Ricarda Huch is a paradox in the history of the essay. Few of her individual works can be called “essays.” Moreover, she was opposed to the prevailing attitude of “essayism” or “feuilletonism,” and tried to write in a manner and form that could not be confused with the dominant modes of essay writing. Her distaste for the essay genre derives mainly from the German/Austrian understanding of that term around the turn of the century rather than from an opposition against the essay as such. Yet her texts exhibit a significant number of characteristics of the essay. She wrote for a general educated audience, and cultivated a combination of narrative and reflexive elements, with a mixture of general and personal ideas, and an appeal to both reason and emotion. Above all, the individual chapters of her larger works tend to be independent, self-contained units.
Huch belonged to the first generation of educated and professionally independent women in German society. She fought hard for her independence: in order to qualify for university studies, she had to leave Germany for Switzerland, where she graduated with a Ph.D. in modern history from the University of Zurich in 1892. She declined careers as teacher and researcher and became a freelance writer, producing poetry, novels (historical novels among them), historical works, literary criticism, and books on religion and philosophy. She was a person of rare integrity and courage, following her own path despite the obstacles; in 1933, for example, she resigned from the prestigious membership of the Prussian Academy of the Arts rather than collaborate with the Nazis.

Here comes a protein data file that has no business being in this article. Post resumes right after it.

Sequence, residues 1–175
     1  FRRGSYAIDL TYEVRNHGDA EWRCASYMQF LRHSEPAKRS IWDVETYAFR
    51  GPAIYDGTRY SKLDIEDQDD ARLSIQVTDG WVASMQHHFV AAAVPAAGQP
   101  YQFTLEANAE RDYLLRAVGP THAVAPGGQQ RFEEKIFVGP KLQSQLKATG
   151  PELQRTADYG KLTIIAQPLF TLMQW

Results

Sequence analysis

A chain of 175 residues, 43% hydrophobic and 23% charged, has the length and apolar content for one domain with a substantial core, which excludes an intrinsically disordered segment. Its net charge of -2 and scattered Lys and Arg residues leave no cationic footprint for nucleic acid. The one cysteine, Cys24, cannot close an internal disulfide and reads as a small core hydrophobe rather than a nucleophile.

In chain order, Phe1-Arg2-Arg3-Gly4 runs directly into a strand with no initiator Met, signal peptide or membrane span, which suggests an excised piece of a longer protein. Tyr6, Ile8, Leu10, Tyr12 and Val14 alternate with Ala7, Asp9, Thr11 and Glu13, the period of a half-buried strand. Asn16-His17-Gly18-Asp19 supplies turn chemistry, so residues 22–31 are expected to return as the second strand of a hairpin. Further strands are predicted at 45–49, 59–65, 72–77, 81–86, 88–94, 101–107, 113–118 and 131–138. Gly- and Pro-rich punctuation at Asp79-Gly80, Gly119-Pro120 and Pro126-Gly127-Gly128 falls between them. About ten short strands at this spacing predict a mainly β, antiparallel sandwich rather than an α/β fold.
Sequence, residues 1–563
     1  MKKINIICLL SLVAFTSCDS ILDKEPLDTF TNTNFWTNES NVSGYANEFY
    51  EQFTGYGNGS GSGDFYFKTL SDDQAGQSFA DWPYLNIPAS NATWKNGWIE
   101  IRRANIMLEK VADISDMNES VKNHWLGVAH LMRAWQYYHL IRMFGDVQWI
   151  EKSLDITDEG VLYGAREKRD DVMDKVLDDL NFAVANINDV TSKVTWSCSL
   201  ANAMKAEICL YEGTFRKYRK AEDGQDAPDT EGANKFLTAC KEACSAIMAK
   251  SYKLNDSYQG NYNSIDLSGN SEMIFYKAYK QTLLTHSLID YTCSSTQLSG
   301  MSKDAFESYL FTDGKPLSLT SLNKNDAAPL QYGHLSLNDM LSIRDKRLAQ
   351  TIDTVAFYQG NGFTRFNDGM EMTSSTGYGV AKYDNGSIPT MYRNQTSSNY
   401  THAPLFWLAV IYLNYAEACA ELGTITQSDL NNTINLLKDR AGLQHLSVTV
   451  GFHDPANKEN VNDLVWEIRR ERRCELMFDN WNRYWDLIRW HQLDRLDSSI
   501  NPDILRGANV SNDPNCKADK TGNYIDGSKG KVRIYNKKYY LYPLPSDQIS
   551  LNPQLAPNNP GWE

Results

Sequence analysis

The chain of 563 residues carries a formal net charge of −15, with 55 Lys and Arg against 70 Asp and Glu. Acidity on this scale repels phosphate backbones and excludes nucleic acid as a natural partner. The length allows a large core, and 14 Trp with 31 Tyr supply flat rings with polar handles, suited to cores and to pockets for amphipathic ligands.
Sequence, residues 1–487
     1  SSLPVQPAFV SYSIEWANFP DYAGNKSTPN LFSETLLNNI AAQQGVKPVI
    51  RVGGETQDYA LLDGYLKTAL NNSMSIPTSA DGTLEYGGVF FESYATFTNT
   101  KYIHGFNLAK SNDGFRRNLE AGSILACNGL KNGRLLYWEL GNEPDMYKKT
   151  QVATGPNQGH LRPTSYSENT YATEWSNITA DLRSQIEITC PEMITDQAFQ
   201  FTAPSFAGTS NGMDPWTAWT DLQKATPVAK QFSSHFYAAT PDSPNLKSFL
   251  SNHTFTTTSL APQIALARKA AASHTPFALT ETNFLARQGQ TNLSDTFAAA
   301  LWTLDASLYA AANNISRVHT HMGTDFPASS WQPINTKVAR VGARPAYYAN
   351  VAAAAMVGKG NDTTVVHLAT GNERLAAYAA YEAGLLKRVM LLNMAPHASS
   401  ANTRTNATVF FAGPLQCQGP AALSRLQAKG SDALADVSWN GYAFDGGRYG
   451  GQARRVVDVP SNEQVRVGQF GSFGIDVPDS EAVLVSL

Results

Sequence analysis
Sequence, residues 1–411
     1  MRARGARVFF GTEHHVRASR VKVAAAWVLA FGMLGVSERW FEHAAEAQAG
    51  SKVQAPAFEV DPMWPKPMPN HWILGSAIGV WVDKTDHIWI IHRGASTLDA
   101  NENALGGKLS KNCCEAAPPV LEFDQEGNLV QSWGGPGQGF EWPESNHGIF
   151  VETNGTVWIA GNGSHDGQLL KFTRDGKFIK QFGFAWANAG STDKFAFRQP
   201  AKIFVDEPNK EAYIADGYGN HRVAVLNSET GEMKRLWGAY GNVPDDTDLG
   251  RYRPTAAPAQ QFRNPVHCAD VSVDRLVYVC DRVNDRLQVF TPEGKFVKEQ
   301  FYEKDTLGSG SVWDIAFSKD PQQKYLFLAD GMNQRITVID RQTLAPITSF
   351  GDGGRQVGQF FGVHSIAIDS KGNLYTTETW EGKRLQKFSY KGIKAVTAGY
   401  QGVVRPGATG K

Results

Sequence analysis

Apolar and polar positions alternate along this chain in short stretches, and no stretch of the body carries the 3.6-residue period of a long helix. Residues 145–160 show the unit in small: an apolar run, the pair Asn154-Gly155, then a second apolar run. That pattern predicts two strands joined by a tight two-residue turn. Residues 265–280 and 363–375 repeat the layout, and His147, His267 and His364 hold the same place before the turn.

A pillar of the oppositional “Bekennende Kirche” (Confessional Church) within the Lutheran Church, she was treated in 1945 with reverence by the Soviet administration, the Allied military, and the German public.
There are four types of essay to be found within the context of her works: the biographical essay, the historical essay, the geographical essay, and the essay of ideas.
Whereas her earlier works consist mainly of poetry and very personal, if not autobiographical novels, later texts combine personal empathy with objective fact.
Huch’s foremost preoccupation was with people and their relationships. All her works contain numerous biographical sketches; she also wrote major factual or fictional biographies. Her intense interest in the Italian Risorgimento of the 19th century led to novels on Garibaldi (1906–07) and Federigo Confalioneri (1910). She wrote a biography of the Freiherr vom und zum Stein (1925). Rather surprising, given her conservative views, is her positive biography Michael Bakunin und die Anarchie (1923; Mikhail Bakunin and anarchy). What attracted her to Bakunin’s anarchism was his concept of a self-reliant “organic” community as opposed to artificial modern society. These works can be regarded as expansions of biographical essays.